How GDPR Affects Data Migration

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Thanks to technology, your organization can easily store, process, and transfer data. However, the personal data of your customers may be at stake. To combat the negative implications of private data transfer to non-EU regions, the EU developed the General Data Protection Regulation (GDPR). The GDPR sets a standard for organizations processing private data about data subjects within the EU. Data considered personal under this regulation includes personal names, addresses, dates of birth, health records, bank details, IP addresses, among other personally identifiable information (PII).

In light of the GDPR, businesses operating within the EU have turned to compliant cloud-based platforms. However, each of these platforms comes with the aspect of data migration. Whether its transferring data between compliant platforms or to compliant servers, it is crucial for your organization to ensure that it is not in breach of GDPR.

Let’s take a look at how compliance issues can manifest during the transfer of personal data and what your business can do to remain GDPR compliant.

Where Does The GDPR Apply?

The GDPR applies if you are processing personal data in the EU or data about individuals within the EU. Whether you are transferring data undergoing processing or data to awaiting processing after the transfer, you are expected to comply with the GDPR. There are several restrictions you should remember:

  • Restrictions on the transfer of personal data to areas outside the European Economic Area (EEA) or servers outside the EEA.
  • Restrictions on transfer of PII to servers based abroad.
  • Restrictions on emails or attachments containing PII about EU data subjects.
  • Restrictions on transfers to companies within the same corporate group.

Under the GDPR, you are also required to send emails to your clients, asking them to opt-in to your consent and privacy policies. You are also expected to report any incidents leading to the accidental or unlawful destruction of private data, loss, alteration, access to, or unauthorized disclosure of personal data.

How Can Digital Migration Violate GDPR?

Ill-equipped organizations can violate GDPR in several ways. First, the lack of appropriate tools could lead to the loss of PII, which is heavily punishable under the GDPR. Since GDPR is strict on personal data, the lack of a proper reporting tool during data migration could lead to confusion and severe punishment. For this reason, the data migration tool you use for your business should have an appropriate reporting functionality.

Violations can also occur due to improper permissions. Should you expose private data to unauthorized personnel during data migration; your business is punishable under the GDPR. Caching metadata or files can also be risky for your organization. Aside from making your business vulnerable, caching data or metadata to non-compliant zones is a huge mess for your organization.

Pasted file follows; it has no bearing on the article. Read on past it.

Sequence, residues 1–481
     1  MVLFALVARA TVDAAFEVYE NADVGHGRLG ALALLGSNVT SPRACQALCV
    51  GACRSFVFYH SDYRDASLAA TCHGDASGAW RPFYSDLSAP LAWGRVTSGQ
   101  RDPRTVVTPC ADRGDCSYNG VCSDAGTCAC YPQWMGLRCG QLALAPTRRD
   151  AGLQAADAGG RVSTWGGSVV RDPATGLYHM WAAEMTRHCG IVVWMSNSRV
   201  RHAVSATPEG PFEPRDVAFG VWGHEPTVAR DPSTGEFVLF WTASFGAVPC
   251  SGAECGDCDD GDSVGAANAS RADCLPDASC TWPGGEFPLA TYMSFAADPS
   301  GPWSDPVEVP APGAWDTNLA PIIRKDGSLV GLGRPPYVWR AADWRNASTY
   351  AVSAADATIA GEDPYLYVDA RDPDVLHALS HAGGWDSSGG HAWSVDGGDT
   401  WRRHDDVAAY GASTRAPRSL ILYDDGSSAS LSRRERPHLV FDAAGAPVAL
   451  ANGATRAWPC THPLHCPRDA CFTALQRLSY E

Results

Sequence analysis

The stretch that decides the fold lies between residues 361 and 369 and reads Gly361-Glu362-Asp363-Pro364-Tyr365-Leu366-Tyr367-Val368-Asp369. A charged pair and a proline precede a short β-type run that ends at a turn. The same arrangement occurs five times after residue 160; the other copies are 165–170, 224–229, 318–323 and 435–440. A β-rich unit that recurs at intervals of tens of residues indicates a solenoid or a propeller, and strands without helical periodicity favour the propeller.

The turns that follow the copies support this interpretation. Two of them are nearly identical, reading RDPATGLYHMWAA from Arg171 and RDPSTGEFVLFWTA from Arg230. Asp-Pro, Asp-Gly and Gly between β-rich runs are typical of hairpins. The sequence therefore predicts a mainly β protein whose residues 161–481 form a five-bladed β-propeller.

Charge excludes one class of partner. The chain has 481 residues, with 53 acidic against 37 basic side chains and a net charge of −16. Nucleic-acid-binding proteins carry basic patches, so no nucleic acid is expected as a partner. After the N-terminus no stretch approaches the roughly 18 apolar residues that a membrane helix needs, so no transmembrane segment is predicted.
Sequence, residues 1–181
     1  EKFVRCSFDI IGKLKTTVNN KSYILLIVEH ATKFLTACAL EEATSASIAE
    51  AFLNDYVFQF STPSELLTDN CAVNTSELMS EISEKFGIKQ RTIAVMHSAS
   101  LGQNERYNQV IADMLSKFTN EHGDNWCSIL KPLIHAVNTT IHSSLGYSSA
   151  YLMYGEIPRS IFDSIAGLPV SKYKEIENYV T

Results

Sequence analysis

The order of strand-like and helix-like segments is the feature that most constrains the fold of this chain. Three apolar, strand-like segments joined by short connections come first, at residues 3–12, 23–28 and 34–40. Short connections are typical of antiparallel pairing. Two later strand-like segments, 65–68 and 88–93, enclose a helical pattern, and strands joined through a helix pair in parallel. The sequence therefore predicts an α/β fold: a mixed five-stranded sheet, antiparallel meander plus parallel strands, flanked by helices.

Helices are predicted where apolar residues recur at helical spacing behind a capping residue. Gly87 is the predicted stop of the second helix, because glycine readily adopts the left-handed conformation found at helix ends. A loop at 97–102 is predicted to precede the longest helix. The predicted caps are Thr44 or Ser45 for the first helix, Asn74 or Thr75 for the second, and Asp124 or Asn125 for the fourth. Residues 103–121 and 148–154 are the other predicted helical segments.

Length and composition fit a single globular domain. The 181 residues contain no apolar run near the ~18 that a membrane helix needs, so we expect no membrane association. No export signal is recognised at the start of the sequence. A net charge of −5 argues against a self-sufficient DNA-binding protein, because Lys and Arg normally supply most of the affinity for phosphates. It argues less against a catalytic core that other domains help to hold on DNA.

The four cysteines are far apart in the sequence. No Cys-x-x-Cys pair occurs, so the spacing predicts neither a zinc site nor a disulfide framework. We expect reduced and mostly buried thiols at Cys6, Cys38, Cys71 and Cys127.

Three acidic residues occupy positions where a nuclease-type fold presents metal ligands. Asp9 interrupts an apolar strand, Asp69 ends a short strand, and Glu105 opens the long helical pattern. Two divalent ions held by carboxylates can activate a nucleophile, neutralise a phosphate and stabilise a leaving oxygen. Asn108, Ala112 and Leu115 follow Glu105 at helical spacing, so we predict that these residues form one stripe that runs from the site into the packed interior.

It is also possible to mess up the mapping of users and permissions. Imagine how catastrophic wrongly cataloged data can be. It is, therefore, vital to ensure that you maintain file structure and metadata. The confusion of modified time, file type, or owner metadata could lead to the loss of private data.

Lastly, security during data migration is of utmost importance. The interception of private data during transfer through malware is possible. Some middlemen can intercept your data for their own benefit, leaving you heavily liable.

When Can Your Organization Transfer Personal Data?

Transfers are possible within absolute narrow exceptions under the GDPR. Before making any transfers, you should make the following considerations:

  1. The European Commission should have reached an “adequacy decision” about where the receiver’s country is based.
  2. The transfer should be covered by appropriate safeguards, as explained in the GDPR. 
  3. The transfer should be covered by one of the following considerations:
  • The data subject has given explicit consent and is aware of the risks.
  • You have a contract or about to enter into a contract with the data subject.
  • The data transfer is vital for the public interest.
  • You have a legal claim to make a data transfer.

Migrating to Compliant Storage

The successful migration of data begins with the identification of PII. Through analytics, you can identify sensitive information. By being able to categorize data, you can track its movement through a migration tool, ensure the successful mapping of metadata and permissions, and retain file structure.

As a business, you might find that your current cloud storage platform does not suit your needs. Whether the reasons for migrating are non-GDPR related, you need to keep compliance in mind. Remember, just because the platforms you use are compliant, your migration might not be. Migration can be a powerful tool for your organization, but it can equally turn into a disaster when done outside GDPR.

Conclusion

GDPR compliant migration is just as fundamental as GDPR compliant storage. To avoid any negative implications, ensure that you keep up with changes to the GDPR and procure a robust and secure data migration tool.

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